This Week in Geek (4-10/09/22)


At home: A Friday the 13th clone to be sure, The Burning still has its innovations, but also, some historical value. It's the first Miramax film (and if you're worried that "Story by Howard Weinstein" means the sexual politics of this thing are a little revealing, you would totally be justified - nothing too bad, fortunately, but still revealing), and among its stars, we find young Jason Alexander and even young Fisher Stevens in their first movie roles. Alexander in particular seems to be having a lot of fun playing a "teenager" and it sounds like he's ad libbing most of the way. If you want to think of this as George Constanza's origin story, I think you totally can. It is also Holly Hunter's first movie, but it's such a small role, I didn't even notice. Throw in some prime Tom Savini make-up effects, usually more gory on the male characters than the female ones (as well as an unusually large survival rate) and you've got a watchable summer camp anxiety movie, with a fun use of the camp fire tale, good woodland locations, and an atypical weapon.

A musical Noir starring Cyd Charisse? Yes, please. Party Girl turns out to be an uneven Noir, perhaps because it abandons the "party girl" for gangsters too often and for too long, but if Charisse is on screen, then I'm happy. She plays a Follies girl, older and wiser than the rest, in 1930s Chicago, who falls for the mob's star lawyer (Robert Taylor). Their love will make him rethink his career decisions, but it's the same love that could become his Achilles heel when his bosses don't appreciate the gesture. Taylor is quite good as the cool cucumber with a lot of tricks of his sleeve, but the most interesting thing about the movie is having Charisse punctuate the action with three musical numbers, each subtly referencing where she is at that point in the picture. Well chosen, well choreographed, and of course terrifically danced, these pieces are much more than the usual musical interludes that pepper other Hollywood films for the sake of variety. Between this stylistic flair and level of sexuality and violence, a little shocking for 1958, Party Girl does rise above the chaff.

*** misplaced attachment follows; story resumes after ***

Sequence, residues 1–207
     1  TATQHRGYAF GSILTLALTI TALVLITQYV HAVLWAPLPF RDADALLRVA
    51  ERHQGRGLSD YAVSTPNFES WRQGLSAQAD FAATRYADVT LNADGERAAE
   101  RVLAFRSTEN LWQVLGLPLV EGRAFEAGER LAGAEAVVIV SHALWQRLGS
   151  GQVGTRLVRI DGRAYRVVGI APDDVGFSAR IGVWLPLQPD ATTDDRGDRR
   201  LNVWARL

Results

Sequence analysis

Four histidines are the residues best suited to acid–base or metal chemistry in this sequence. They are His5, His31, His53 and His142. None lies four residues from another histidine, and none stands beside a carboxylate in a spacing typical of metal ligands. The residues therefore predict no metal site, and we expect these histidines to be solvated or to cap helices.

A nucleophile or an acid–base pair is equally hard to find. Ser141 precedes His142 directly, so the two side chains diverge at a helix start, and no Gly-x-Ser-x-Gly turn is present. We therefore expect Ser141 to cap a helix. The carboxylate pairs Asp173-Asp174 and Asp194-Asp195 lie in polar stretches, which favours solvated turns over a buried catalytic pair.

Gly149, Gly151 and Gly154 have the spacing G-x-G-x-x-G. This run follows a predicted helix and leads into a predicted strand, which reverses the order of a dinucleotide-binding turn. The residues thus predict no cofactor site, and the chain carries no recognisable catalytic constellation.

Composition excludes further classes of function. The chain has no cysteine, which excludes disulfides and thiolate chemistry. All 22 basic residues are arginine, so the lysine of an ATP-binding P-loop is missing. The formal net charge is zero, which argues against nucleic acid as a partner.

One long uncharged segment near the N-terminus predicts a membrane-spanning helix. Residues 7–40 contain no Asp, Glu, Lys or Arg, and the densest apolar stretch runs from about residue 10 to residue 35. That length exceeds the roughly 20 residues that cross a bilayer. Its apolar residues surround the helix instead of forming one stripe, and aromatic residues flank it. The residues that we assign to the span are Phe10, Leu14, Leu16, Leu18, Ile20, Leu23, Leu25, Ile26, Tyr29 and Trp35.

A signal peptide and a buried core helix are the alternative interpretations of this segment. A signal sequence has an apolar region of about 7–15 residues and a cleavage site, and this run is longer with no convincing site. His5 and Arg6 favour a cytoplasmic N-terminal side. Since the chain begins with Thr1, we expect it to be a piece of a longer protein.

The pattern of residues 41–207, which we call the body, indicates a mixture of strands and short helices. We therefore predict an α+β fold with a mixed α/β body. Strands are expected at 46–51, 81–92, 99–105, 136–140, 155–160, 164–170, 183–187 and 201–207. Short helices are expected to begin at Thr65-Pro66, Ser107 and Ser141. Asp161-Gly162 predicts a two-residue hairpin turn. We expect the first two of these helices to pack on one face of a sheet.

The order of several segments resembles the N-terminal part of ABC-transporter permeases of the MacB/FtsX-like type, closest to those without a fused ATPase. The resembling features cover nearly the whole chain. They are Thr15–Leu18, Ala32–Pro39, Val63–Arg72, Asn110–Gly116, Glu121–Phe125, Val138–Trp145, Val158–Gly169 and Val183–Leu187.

I have no history with Barbara Streisand beyond her obvious iconic status. In fact, as I sat down to watch Funny Girl, I checked and discovered I'd never seen a movie she was in before. Here she reprises a role she made famous on Broadway, that of unusual Follies star Fanny Brice, who managed to turned most numbers into quirky comedy sketches, otherwise a self-proclaimed "ugly duckling" among the Ziegfeld girls. I've seen many "show people" musicals, and too often, the lead is at once conceited and insecure, but when the Follies are evoked, at least the production values are high, and Brice's comedy takes are very entertaining. It's when Funny Girl wallows in biopic elements (as off the mark as they might be) that it gets tedious for me, despite giving us some of the better songs ("People Who Love People", "Sadie, Married Lady"). Omar Sharif makes a suave gambler-about-town, but his marriage to Streisand's Fanny (cough) quickly turns to melodrama and takes us away from the stage AND from the humor. Starts off well, and I acknowledge its place in musical history, but Funny Girl too quickly turns into Sad Lady.